Originally Posted by tsloms
After having designed and built several horn subs including BF's THT, Tuba 30, and Autotuba I am definitely a firm believer in using good quality 1/2" ply and brace it properly. The end result is an enclosure that is vibration free and still built as light as possible. Using the 3/4" ply will create a larger enclosure due to the thicker wood which eats up volume and also vibrate more especially with the unsupported wide panels.
I've built and tested several of the BFLD cabinets, as well as a bunch of my designs. I have no problem using thinner ply for cabinets not designed to play low, or cabinets that are not designed to use a large driver. The F-20 uses a large driver, and plays low.
I used 1/2" plywood with the Anarchy/Insubnia, the Example Tapped Horn, the Shopsub, and the upcoming T-6, as well as nearly all of my prototype builds and a PA sub design I did. I don't disagree that a braced 1/2" cabinet is an adequate solution in most cases, provided you use good ply. Braced cabinets are, in my opinion, an absolute pain to build, so I avoid bracing in cases where it is not necessary.
I have built far more horns out of 1/2" material than 3/4" material. In my opinion (based on my experience), when hanging a driver the size of the MFW (or the Shiva X2 or Tempest X2 for that matter) off of a baffle panel, the added strength of 3/4" thick ply is more than worth the additional weight/cabinet volume. Weight is a secondary concern. These cabinets are not PA cabinets that need to get moved twice a night, they are home theater cabinets that are typically set in place until the next upgrade.
I personally draw the line at 12" drivers. I will not use 1/2" ply with 12s anymore unless it is true Baltic Birch, and won't consider it at all for a proper sub. Even with full bracing throughout, I've had some 15" PA subwoofer cabinets move around under their own power when constructed with good 1/2" ply. There is a reason that most manufactured sub cabinets use 3/4" ply.
In this case, I wanted to keep things as easy to build as possible, so I decided to try an unbraced cabinet. Based on my measurements, I'm of the opinion that with good ply, I got away with it. With cheap ply, it might make a difference, but only at really high levels. Moral of the story? Use good ply.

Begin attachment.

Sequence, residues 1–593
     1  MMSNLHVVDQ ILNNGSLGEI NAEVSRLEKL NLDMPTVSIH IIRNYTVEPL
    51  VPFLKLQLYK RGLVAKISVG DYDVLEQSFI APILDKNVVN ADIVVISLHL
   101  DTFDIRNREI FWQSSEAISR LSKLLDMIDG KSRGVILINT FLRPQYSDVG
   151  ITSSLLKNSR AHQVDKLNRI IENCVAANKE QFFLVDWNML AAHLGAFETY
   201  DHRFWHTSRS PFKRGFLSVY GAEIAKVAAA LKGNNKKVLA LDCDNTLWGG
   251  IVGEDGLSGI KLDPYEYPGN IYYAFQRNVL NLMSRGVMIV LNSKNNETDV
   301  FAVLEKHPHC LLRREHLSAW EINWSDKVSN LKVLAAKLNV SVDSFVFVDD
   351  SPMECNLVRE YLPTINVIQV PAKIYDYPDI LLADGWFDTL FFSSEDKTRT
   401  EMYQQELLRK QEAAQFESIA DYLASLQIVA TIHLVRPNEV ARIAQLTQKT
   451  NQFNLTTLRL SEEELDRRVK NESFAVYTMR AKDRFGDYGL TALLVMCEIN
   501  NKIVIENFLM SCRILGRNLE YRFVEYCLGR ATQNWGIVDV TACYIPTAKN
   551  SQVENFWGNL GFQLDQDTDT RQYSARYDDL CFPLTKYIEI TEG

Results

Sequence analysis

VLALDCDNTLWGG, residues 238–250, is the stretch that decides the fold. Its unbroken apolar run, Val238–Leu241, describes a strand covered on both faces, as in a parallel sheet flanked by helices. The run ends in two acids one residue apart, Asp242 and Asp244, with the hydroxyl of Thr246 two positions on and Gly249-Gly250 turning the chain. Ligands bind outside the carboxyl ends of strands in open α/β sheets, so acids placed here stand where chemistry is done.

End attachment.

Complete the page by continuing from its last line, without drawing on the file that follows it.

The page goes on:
For me, this effort was about designing and sharing the simplest to build bass horn that would provide reference levels at 20 Hz, and be no more than +/- 3 dB for at least two octaves above the low corner without requiring corner placement. I chose to work with the MFW-15 driver because it is arguably the best "bang for the buck" 15" driver right now, and it happens to be a pretty good fit in a horn.
I want to be clear, this effort was not at all about designing the best ever 20 Hz bass horn, I wanted to share something that anyone with a circular saw, router, and a screwgun could make in their own garage. This is not a complicated build. I chose this path for a reason.
If someone wants to add bracing, LTD02 offered some good suggestions, and I added to them. I'll be completely honest though - I do not feel it is worth the additional effort and frustration with this build, just use good plywood.
Would I brace 3/4" material when spanning widths over 18"? Absolutely.
Will I ever use 1/2" ply (braced or otherwise) for another large-driver sub cabinet design? Absolutely not.